Antique George I Silver Cruet
Maker: Louys Cuny
A rare early English silver cruet with two hexagonal bottles for oil and vinegar and a small single hexagonal castor...
A rare early English silver cruet with two hexagonal bottles for oil and vinegar and a small single hexagonal castor or pepperette. Excellent weight. Good Huguenot maker. The frame has a shaped side carrying handle, and side supports for the bottle tops and pepperette. Total weight of silver 840 grams, 27 troy ounces. Height 18 cms. Stand London 1716 (Britannia standard silver*), maker Louys Cuny. Pepperette, made later to match, dated London 1727 (sterling silver), makers mark rubbed. His most unusual piece of work is probably the curious triangle salt of the Upholders (upholsterers) Company.
Literature: *Britannia Standard silver. In 1696, so extensive had become the melting and clipping of coinage that the silversmiths were forbidden to use the sterling standard for their wares, but had to use a new higher standard, 95.8 per cent. New hallmarks were ordered, “the figure of a woman commonly called Britannia” and the lion’s head erased (torn off at the neck) replacing the lion passant and the leopard’s head crowned. This continued until the old standard of 92.5 per cent was restored in 1720. Britannia standard silver still continues to be produced even today.
The earliest cruet frames normally contained 3 castors and 2 glass bottles and are not found before 1700. This form is named the “Warwick” cruet after the cruet created by Anthony Nelme in 1715 for the Duke of Warwick. At this date occasionally one finds the two bottle oil and vinegar frame although this form is more usually found on the continent. Later in the 18th century the number of bottles could be as many as 8 or 10 and these would have contained a variety of sauces of the period such as soy, ketchup, tarragon etc and they may have had little sauce labels to identify the contents.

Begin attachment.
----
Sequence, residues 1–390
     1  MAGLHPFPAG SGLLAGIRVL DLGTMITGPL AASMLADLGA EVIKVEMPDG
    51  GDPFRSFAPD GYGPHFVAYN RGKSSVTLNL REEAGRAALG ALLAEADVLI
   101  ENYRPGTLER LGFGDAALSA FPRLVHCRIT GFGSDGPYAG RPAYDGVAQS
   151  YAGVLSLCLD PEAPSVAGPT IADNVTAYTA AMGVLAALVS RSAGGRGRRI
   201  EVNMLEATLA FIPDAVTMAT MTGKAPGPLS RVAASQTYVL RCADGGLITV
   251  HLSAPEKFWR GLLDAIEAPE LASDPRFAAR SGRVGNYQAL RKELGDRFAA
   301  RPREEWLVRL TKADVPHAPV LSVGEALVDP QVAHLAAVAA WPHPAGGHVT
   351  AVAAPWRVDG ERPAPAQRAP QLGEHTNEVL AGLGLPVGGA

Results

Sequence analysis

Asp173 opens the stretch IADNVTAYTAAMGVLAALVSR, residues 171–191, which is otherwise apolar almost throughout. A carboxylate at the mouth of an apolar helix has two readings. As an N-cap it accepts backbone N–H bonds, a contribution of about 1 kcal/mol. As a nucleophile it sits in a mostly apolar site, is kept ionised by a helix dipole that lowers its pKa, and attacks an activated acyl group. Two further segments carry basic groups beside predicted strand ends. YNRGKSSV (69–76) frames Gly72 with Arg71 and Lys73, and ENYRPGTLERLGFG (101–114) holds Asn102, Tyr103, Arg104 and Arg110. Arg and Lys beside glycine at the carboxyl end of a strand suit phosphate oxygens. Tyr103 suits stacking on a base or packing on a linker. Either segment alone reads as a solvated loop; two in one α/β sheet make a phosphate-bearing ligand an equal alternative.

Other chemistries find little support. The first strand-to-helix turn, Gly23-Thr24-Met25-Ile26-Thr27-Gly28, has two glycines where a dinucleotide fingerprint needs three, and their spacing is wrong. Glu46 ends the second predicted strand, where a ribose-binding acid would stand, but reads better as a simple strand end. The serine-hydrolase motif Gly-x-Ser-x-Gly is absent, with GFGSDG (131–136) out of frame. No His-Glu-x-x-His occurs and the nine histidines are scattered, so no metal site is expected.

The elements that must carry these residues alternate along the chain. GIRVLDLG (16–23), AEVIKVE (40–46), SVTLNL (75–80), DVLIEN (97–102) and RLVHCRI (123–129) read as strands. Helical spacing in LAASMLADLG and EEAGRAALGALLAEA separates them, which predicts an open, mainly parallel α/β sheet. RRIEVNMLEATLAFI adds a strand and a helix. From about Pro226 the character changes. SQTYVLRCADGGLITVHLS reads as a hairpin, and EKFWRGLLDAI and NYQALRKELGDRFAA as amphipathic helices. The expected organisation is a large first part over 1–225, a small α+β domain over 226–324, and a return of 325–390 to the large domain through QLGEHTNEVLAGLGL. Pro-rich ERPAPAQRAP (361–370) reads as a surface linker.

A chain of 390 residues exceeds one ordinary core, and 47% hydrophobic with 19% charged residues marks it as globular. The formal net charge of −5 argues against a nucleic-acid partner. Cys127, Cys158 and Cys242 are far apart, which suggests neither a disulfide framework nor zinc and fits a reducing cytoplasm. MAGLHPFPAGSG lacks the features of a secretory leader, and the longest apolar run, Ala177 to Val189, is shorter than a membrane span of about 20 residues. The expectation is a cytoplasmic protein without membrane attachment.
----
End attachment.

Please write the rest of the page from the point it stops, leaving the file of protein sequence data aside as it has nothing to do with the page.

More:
This superb antique silver condiment set is in very good condition with no damage or restoration. The frame has a full set of English silver hallmarks for London 1716. The bottle tops are unmarked, which is normal for this time, the bottle tops fit snugly in the circular holders on the side of the frame. The glass has that lovely Georgian colour which you don't find today. The hexagonal silver pepperette has been specially made to fit into the original stand (presumably as a replacement for the original small caster which would have been made of glass with a silver top;) and is 11 years later in date, maker unknown. All fully functional. Please note that this item is not new and will show moderate signs of wear commensurate with age. Reflections in the photograph may detract from the true representation of this item.
Maker: Louys Cuny
Louys Cuny, Hugeunot immigrant, endenizened (naturalised) 8th May 1697, same day as Peter and Claudius Platel and John Chartier. Free 1703. First mark entered 1703. Second mark (sterling), unrecorded, circa 1720. Elected to the livery 1708. His son Samuel was apprenticed to him in 1710 and turned over to Daniel Shaw, free 1724 but did not enter a mark. Louys Cuny died 1733. There are many different spellings of his name – Louis, Lewis, Cugny, de Cuney…
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